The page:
“‘Boardography’ will help match people wanting to serve with right organization
The University of North Texas Health Science Center and the University of North Texas have joined together to introduce a new program that matches people who want to serve on nonprofit boards with nonprofit organizations that need board members, officials announced last week.
Called “Boardography, the program began when Kimberly Mills, program director, approached the Office of Professional and Continuing Education at the UNT Health Science Center and the UNT Denton’s Department of Public Affairs and Community Service, looking for a home for the program.
“I helped start a program similar to this at Duquesne University in Pittsburgh,” Mills said. “It was wildly successful. When my husband and I relocated back here for his work, I saw that the Dallas-Fort Worth area didn’t have anything like this, so I started knocking on doors. The response has been tremendous.”
Mills continued, “Our community is filled with nonprofits. They all have boards, and they all need board members. At the same time, there are lots of professionals who really want a chance to develop personally and professionally through leadership experiences.”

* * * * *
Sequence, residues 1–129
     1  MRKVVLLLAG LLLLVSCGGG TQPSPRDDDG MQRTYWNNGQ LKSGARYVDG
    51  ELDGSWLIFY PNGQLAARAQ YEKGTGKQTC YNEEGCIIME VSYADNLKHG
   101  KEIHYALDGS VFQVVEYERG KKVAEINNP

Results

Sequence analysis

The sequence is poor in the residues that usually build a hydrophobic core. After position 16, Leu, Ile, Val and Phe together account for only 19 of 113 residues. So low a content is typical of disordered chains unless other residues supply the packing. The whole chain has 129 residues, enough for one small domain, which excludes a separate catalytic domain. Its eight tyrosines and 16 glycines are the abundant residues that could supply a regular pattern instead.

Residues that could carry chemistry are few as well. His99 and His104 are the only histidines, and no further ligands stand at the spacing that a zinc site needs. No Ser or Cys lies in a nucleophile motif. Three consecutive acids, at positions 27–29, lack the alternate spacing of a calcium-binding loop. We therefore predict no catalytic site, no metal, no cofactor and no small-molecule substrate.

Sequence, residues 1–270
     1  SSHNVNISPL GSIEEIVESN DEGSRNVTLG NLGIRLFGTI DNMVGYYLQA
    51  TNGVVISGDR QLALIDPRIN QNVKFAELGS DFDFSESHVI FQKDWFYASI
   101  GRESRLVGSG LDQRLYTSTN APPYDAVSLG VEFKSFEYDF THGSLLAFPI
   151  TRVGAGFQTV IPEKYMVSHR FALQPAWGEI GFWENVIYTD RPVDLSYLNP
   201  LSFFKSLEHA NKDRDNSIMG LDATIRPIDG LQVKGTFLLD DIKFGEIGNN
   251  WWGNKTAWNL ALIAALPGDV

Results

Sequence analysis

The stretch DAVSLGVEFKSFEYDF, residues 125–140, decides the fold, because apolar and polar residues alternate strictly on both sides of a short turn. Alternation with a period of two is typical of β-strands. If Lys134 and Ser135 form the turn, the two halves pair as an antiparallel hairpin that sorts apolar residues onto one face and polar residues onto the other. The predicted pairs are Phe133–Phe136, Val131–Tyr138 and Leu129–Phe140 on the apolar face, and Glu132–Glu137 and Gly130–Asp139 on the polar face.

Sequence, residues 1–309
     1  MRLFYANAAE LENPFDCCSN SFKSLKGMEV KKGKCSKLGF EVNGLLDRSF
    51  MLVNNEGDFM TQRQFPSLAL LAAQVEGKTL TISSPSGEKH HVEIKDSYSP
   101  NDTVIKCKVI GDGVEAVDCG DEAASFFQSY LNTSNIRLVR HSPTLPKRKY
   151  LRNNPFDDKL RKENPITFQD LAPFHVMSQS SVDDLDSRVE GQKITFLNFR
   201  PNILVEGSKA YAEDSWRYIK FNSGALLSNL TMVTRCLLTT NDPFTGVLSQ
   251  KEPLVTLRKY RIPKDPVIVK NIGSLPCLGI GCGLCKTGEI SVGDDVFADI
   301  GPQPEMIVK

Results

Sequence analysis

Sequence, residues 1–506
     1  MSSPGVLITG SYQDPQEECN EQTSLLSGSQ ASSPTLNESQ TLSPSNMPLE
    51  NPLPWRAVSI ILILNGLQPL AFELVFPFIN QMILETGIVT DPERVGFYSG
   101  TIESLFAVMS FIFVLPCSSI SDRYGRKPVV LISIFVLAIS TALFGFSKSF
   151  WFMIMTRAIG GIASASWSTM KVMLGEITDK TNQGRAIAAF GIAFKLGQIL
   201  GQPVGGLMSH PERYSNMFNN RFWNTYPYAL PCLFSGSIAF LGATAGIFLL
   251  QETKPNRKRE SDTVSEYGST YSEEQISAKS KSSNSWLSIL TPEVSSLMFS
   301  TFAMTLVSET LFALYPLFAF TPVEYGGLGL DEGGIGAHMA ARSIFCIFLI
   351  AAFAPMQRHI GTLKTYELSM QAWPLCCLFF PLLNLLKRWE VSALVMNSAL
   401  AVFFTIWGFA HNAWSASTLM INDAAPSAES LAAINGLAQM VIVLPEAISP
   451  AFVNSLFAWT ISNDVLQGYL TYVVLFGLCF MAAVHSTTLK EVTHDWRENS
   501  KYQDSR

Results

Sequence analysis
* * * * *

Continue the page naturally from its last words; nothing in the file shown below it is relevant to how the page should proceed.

Mills facilitates the process by meeting personally with people who sign up for Boardography to determine a candidate’s interests and skills. She also meets with nonprofit organizations throughout the Metroplex to determine what their specific needs are in terms of board members.
After matching candidates with organizations, she sends the information to the organization.
“At that point, it’s up to the candidates and the nonprofits to make a mutual decision to see if the nonprofit wants to invite the candidates to join the board and the candidate wants to accept,” Mills said. “So I don’t actually make matches. I make introductions.”
Boardography is free to both nonprofit organizations and candidates, so it exists based on donations from individuals and groups. Radio Shack is the founding funder.
“Everyone in the community benefits from the program,” Mills said.
“Nonprofits get stronger board members; people in need get stronger nonprofit organizations. Professionals get to join boards they are interested in, and corporations get employees who are more engaged in the community.”
For information, call Mills, at 817-735-0177, e-mail her at firstname.lastname@example.org, or go online to www.boardography.com.
This article appeared in the Dallas Voice print edition, September 8, 2006.
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